Who Can Benefit From Couple Counseling?
by Jodie Mackay
Relationships are far from perfect. Each person brings his or her own ideas, values, opinions, and personal history into a relationship, and they don’t always match their partner’s. Those differences don’t necessarily mean your relationship is bound for conflict. On the contrary, differences can provide an opportunity to understand, respect, and tolerate opposing views and cultures.
They help us learn better ways of communicating so that the relationship is able to evolve. In sessions, couples learn to negotiate differences, problem solve, and even argue in a healthier way.
Relationships are often tested
Developmental milestones, such as the birth of a child, relocation, or retirement, can place undue stress on the couple. Differences or habits that you once found endearing may grate on your nerves after time together. Sometimes specific issues, such as an extramarital affair or loss of sexual attraction, trigger problems in a relationship. Other times, there’s a gradual disintegration of communication and caring. Whatever the cause, distress in a relationship can create undue stress, tension, sadness, worry, fear, and other issues. One may hope the relationship troubles go away on their own, but left to fester, a difficult relationship may only worsen. Over time it can lead to chronic physical or psychological problems, such as insomnia, anxiety, or depression. A conflictual relationship can also create problems at work and affect other family members and even friendships.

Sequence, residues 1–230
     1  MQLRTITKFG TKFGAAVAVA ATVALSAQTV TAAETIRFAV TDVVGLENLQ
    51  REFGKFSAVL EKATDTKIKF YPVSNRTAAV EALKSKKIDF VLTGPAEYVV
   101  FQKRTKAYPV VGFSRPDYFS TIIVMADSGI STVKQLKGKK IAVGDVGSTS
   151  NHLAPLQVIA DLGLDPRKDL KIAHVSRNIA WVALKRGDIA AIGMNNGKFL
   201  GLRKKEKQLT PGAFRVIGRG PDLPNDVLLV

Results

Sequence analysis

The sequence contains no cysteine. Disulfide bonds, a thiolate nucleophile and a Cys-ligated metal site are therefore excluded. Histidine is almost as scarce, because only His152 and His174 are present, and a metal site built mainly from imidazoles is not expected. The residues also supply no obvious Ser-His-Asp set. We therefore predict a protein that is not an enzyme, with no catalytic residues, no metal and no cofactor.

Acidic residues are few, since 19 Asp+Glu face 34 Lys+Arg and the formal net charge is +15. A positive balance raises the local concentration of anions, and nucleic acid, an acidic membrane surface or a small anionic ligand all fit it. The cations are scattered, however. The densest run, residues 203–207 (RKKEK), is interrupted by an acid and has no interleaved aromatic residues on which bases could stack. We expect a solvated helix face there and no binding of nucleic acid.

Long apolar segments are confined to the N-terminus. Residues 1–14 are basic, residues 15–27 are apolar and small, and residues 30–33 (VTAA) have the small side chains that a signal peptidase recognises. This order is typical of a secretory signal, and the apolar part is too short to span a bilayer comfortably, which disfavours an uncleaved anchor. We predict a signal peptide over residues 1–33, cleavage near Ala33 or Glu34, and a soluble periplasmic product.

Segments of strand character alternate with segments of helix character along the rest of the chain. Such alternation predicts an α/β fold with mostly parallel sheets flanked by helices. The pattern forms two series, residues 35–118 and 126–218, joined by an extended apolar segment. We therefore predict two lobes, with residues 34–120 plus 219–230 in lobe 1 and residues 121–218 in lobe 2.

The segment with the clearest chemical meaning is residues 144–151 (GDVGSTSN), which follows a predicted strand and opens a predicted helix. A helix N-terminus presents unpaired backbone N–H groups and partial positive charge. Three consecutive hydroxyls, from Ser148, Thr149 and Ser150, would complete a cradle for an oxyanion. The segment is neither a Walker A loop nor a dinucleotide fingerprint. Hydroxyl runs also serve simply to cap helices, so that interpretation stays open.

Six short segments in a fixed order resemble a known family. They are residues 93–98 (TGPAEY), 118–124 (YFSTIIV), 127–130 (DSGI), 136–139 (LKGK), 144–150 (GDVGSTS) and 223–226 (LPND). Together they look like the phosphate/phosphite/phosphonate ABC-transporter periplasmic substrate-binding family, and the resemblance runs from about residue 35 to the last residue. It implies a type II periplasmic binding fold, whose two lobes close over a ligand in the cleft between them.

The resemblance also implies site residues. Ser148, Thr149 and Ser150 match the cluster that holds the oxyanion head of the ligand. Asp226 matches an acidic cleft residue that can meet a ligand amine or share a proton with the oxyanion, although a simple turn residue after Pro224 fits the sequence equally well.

Sometimes we choose a particular kind of person because we are unconsciously attempting to heal some wounded part of ourselves. Our partner may mirror our insecurities in a way that pushes us to acknowledge the vulnerability. This acknowledgment is often the first step in seeking psychological support.
Couple counseling for your relationships
On the other hand, one doesn’t necessarily need to have a troubled or dysfunctional relationship to seek therapy. Couple counseling can also help couples who simply want to strengthen their bonds and gain a better understanding of one other. Counseling may also help couples who plan to move in together or marry, in that it can help to achieve a deeper understanding of one another and iron out differences before a union is sealed.
Counseling is often short-term. You may only need a few sessions to help weather a crisis. Or you may need counseling for several months, particularly if your relationship has greatly deteriorated. As with individual psychotherapy, sessions are typically once a week. Sessions can help you rebuild your relationship, or even decide that you’ll both be better off if you are break-up. Either way, couple counseling can help you understand your relationship better and make well thought-out decisions.